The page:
77.

$Φ=qencε0Φ=qencε0$; There are two contributions to the surface integral: one at the side of the rectangle at $x=0x=0$ and the other at the side at $x=2.0mx=2.0m$;
$−E(0)[1.5m2]+E(2.0m)[1.5m2]=qencε0=−100Nm2/C−E(0)[1.5m2]+E(2.0m)[1.5m2]=qencε0=−100Nm2/C$
where the minus sign indicates that at $x=0x=0$, the electric field is along positive x and the unit normal is along negative x. At $x=2x=2$, the unit normal and the electric field vector are in the same direction: $qenc=ε0Φ=−8.85×10−10Cqenc=ε0Φ=−8.85×10−10C$.

79.

didn’t keep consistent directions for the area vectors, or the electric fields

81.

a. $σ=3.0×10−3C/m2σ=3.0×10−3C/m2$, $+3×10−3C/m2+3×10−3C/m2$ on one and $−3×10−3C/m2−3×10−3C/m2$ on the other; b. $E=3.39×108N/CE=3.39×108N/C$

83.

Construct a Gaussian cylinder along the z-axis with cross-sectional area A.
$|z|≥a2qenc=ρAa,Φ=ρAaε0⇒E=ρa2ε0|z|≥a2qenc=ρAa,Φ=ρAaε0⇒E=ρa2ε0$,
$|z|≤a2qenc=ρA2z,E(2A)=ρA2zε0⇒E=ρzε0|z|≤a2qenc=ρA2z,E(2A)=ρA2zε0⇒E=ρzε0$

85.

a. $r>b2E4πr2=43π[ρ1(b13−a13)+ρ2(b23−a23)ε0⇒E=ρ1(b13−a13)+ρ2(b23−a23)3ε0r2r>b2E4πr2=43π[ρ1(b13−a13)+ρ2(b23−a23)ε0⇒E=ρ1(b13−a13)+ρ2(b23−a23)3ε0r2$;
b. ;
c. ;
d. ; e. 0

87.

Electric field due to plate without hole: $E=σ2ε0E=σ2ε0$.
Electric field of just hole filled with $−σE=−σ2ε0(1−zR2+z2)−σE=−σ2ε0(1−zR2+z2)$.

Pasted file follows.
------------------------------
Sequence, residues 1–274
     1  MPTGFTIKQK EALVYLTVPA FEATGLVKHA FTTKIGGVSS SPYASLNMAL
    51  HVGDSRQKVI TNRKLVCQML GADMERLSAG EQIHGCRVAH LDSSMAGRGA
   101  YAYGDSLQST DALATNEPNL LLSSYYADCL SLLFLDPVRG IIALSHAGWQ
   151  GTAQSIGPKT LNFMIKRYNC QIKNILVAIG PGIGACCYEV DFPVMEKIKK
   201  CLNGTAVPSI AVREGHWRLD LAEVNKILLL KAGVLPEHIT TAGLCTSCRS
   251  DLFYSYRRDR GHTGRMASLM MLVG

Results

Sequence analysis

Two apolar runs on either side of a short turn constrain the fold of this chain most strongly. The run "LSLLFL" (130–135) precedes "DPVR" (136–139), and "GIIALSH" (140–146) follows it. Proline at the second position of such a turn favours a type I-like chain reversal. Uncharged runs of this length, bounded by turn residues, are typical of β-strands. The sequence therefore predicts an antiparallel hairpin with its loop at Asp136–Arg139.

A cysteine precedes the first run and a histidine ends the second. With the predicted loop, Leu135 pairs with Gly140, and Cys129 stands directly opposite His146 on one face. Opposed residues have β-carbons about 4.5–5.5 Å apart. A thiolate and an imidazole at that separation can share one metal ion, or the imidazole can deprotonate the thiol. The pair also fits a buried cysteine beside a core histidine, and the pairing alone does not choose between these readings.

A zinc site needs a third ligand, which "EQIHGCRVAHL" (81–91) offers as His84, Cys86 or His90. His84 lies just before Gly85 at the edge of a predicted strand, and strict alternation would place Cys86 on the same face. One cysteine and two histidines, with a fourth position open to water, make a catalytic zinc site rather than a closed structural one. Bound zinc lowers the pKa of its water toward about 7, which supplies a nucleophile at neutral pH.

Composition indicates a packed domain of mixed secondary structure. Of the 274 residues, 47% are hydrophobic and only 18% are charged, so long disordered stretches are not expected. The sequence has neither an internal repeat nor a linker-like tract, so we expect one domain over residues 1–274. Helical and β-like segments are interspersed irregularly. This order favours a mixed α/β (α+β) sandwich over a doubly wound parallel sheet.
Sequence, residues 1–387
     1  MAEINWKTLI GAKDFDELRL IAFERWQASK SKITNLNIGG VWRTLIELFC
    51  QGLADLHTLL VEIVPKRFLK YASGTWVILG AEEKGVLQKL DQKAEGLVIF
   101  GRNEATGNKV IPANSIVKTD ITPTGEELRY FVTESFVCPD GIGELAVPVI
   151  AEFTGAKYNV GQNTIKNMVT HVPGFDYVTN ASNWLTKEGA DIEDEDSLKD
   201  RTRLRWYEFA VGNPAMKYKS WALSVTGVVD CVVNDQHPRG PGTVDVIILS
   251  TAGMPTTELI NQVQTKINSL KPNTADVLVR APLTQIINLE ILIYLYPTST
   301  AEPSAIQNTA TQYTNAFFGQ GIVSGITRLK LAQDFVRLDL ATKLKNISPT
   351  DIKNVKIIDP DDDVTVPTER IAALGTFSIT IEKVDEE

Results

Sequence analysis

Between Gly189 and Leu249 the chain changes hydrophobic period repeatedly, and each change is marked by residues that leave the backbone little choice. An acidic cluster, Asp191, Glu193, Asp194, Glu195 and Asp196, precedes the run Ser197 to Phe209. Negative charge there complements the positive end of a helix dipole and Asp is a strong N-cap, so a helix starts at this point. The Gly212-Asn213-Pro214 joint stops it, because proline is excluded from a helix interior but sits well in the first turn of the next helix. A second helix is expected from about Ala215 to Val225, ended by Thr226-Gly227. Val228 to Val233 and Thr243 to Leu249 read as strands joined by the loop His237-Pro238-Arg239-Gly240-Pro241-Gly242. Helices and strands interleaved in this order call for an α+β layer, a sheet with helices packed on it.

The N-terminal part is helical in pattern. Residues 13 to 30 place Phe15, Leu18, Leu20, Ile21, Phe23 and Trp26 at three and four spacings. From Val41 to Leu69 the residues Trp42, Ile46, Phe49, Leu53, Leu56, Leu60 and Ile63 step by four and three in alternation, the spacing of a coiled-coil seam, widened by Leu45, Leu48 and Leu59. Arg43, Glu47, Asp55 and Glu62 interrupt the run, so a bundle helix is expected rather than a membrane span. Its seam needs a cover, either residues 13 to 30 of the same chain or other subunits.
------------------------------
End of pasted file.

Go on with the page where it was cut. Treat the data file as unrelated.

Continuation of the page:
Thus, $Enet=σ2ε0hR2+h2Enet=σ2ε0hR2+h2$.

89.

a. $E=0E=0$; b. $E=q14πε0r2E=q14πε0r2$; c. $E=q1+q24πε0r2E=q1+q24πε0r2$; d. $0,q1,−q1,q1+q20,q1,−q1,q1+q2$

### Challenge Problems

91.

Given the referenced link, using a distance to Vega of $237×1015237×1015$ m1 and a diameter of 2.4 m for the primary mirror,2 we find that at a wavelength of 555.6 nm, Vega is emitting $2.44×1024J/s2.44×1024J/s$ at that wavelength. Note that the flux through the mirror is essentially constant.

93.

The symmetry of the system forces $E→E→$ to be perpendicular to the sheet and constant over any plane parallel to the sheet. To calculate the electric field, we choose the cylindrical Gaussian surface shown. The cross-section area and the height of the cylinder are A and 2x, respectively, and the cylinder is positioned so that it is bisected by the plane sheet. Since E is perpendicular to each end and parallel to the side of the cylinder, we have EA as the flux through each end and there is no flux through the side. The charge enclosed by the cylinder is $σA,σA,$ so from Gauss’s law, $2EA=σAε0,2EA=σAε0,$ and the electric field of an infinite sheet of charge is
$E=σ2ε0,E=σ2ε0,$ in agreement with the calculation of in the text.

95.

There is Q/2 on each side of the plate since the net charge is Q: $σ=Q2Aσ=Q2A$,
$∮SE→·n^dA=2σΔAε0⇒EP=σε0=Qε02A∮SE→·n^dA=2σΔAε0⇒EP=σε0=Qε02A$

### Footnotes

• 1http://webviz.u-strasbg.fr/viz-bin/VizieR-5?-source=I/311&HIP=91262
• 2http://ntrs.nasa.gov/archive/nasa/casi.ntrs.nasa.gov/19910003124.pdf